Exception (vi) deals with fines imposed by Port State Control for MARPOL violations where the ships’ oily water separators have been bypassed or rendered inoperable, see our circular P&I 2440/2005. MARPOL regulates that only 15 ppm of oil residues can be discharged through the oily water separator. This limited amount of oil makes it tempting to tamper with the oily water separator to increase the flow of oil over board. Port State authorities in various countries but most notably in the U.S.A. take a very hard line in respect of breaches of the MARPOL Regulations.

The U.S. Coast Guard (“USCG”) has launched multiple inspections on foreign flag vessels to ascertain whether the oily water separator is being used improperly or is being bypassed. The U.S. Coast Guard is particularly interested in finding flexible hoses hidden in the engine room which may have been used to bypass the oily water separator and pump oil directly overboard. Furthermore the overboard discharge valve and piping is of great interest to the USCG and if oil residues are found inside this is used as justification for a bypass of the oily water separator.

Another way of establishing that the oily water separator has been bypassed in violation of the MARPOL regulations is in finding incorrect entries in the oil record book, incinerator log or records of port discharges. The USCG is especially interested in discrepancies in the oil record book for instance regarding quantities of water pumped overboard through the oily water separator compared with the vessel’s pumping capacity. Furthermore, the USCG is interested in miscalculations of quantities of oil contaminated bilge waste and sludge discharged or remaining on board. Incorrect entries in the oil record book are considered by USCG to be a false statement and an obstruction of justice which is subject to criminal proceedings against the relevant crew members.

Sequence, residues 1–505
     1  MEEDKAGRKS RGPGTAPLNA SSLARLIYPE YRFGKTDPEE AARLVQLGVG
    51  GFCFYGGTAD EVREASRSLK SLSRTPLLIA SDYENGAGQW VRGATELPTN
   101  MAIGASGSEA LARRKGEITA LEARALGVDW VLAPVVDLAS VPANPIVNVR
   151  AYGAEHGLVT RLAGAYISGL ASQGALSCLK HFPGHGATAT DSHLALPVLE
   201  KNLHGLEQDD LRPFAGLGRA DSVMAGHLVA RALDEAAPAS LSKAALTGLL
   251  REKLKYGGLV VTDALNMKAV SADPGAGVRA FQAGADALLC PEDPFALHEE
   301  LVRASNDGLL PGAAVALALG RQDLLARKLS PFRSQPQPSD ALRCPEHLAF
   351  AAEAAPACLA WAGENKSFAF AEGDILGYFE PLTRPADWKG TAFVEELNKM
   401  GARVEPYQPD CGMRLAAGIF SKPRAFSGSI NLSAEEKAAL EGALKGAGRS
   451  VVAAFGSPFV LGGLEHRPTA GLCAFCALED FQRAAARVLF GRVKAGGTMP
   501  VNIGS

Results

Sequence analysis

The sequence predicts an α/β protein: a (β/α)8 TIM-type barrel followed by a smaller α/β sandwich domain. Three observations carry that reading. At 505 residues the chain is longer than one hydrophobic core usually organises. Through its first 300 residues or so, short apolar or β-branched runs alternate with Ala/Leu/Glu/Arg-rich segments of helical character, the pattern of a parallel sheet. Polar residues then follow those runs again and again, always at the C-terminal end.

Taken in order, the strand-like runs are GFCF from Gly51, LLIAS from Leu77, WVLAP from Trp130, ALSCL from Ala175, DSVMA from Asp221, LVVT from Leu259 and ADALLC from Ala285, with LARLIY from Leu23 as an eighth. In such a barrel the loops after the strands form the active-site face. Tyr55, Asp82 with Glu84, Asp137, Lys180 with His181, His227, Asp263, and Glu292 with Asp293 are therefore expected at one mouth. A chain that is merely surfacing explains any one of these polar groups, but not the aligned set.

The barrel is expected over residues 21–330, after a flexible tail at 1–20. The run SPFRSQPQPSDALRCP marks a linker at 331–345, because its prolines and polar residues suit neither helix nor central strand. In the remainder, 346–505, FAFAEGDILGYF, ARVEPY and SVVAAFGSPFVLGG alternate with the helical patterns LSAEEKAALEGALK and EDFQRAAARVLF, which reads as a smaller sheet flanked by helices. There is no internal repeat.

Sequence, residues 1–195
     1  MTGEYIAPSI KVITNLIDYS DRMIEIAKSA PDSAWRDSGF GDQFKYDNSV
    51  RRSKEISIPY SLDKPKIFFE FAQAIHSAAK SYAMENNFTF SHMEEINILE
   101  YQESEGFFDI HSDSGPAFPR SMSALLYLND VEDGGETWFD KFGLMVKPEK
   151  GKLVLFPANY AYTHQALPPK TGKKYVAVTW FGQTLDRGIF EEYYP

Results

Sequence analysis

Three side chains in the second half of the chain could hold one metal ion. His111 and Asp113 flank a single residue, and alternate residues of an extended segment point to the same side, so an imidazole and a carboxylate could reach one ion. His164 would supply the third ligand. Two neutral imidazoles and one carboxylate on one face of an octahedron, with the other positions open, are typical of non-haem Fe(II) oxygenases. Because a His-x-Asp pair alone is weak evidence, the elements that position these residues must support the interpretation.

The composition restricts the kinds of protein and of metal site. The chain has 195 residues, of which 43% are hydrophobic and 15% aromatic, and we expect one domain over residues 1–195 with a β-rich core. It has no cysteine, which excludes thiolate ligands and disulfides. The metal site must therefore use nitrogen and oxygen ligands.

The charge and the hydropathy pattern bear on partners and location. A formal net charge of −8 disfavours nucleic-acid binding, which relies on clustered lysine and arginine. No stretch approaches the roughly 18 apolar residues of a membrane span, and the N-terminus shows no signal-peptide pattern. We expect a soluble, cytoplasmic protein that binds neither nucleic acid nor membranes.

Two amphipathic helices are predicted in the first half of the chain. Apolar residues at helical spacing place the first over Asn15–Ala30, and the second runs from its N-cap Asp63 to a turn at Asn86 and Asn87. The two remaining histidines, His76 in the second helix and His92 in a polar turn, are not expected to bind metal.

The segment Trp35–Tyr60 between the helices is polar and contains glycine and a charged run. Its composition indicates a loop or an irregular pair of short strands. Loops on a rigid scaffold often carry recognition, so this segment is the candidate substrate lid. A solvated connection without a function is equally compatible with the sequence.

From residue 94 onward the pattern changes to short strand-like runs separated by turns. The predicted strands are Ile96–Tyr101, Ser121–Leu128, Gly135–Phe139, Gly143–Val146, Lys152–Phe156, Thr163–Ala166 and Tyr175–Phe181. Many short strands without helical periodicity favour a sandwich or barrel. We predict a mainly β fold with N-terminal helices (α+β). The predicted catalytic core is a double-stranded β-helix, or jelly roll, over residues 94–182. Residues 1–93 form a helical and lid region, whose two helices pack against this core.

Sanctions imposed by the U.S. authorities are penalties, fines or imprisonment. Fines have been imposed on a massive scale. A reward of 50% of the fine imposed is offered as an incentive to those who report an alleged violation (so-called “whistle-blowers”). In one case the 12 whistle-blowers each received USD 437,500. During the lengthy investigation of an offence by the U.S. Department of Justice crew members charged usually remain in custody. If sentenced, imprisonment of up to ten years may follow.

Fines or penalties imposed for breaches of MARPOL regulations are not covered by the Club other than in the case of purely accidental discharge and, even then, never where the oily water separator or similar device has been bypassed or rendered inoperable. As a result, whilst investigations are still underway the Club can only provide security in exchange for counter security in the form of cash or bank guarantee from the Member. If the Club is asked to fund costs in defending criminal or civil proceedings, additional security will also be required.

As part of their Safety Management System, Members are recommended strongly to carry out periodic reviews on board their ships to check that waste oil treatment equipment and ship’s records such as the oil record book comply with MARPOL regulations and to avoid being targeted by USCG.

7.6.5 Punitive damages

On the subject of exclusion of cover for fines, in cases of Member’s intent or gross negligence under Rule 11 Section 1, the question arises as to the extent of cover, if any, under these Rules for punitive damages.

Punitive damages are akin to a penalty in excess of and unrelated to the actual extent of a loss caused to third parties. They can be imposed under U.S. law against companies guilty of wilful, malicious or wanton conduct. The wrongful act must have been committed by or on behalf of the company and not by an individual acting in excess of his express authorisation unless subsequently ratified by his employer.

The question of cover has to pass the test under Rule 11 Section 1 based on the circumstances of the individual case. Considering the prerequisites under U.S. law for the application of punitive damages, it seems unlikely that punitive damages would ever be covered.